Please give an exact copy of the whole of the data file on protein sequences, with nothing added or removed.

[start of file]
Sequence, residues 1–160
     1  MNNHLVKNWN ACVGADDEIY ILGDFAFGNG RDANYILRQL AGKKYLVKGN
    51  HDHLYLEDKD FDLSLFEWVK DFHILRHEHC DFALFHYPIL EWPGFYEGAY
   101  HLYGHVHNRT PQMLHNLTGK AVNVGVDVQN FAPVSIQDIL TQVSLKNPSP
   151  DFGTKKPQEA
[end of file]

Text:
Sequence, residues 1–160
     1  MNNHLVKNWN ACVGADDEIY ILGDFAFGNG RDANYILRQL AGKKYLVKGN
    51  HDHLYLEDKD FDLSLFEWVK DFHILRHEHC DFALFHYPIL EWPGFYEGAY
   101  HLYGHVHNRT PQMLHNLTGK AVNVGVDVQN FAPVSIQDIL TQVSLKNPSP
   151  DFGTKKPQEA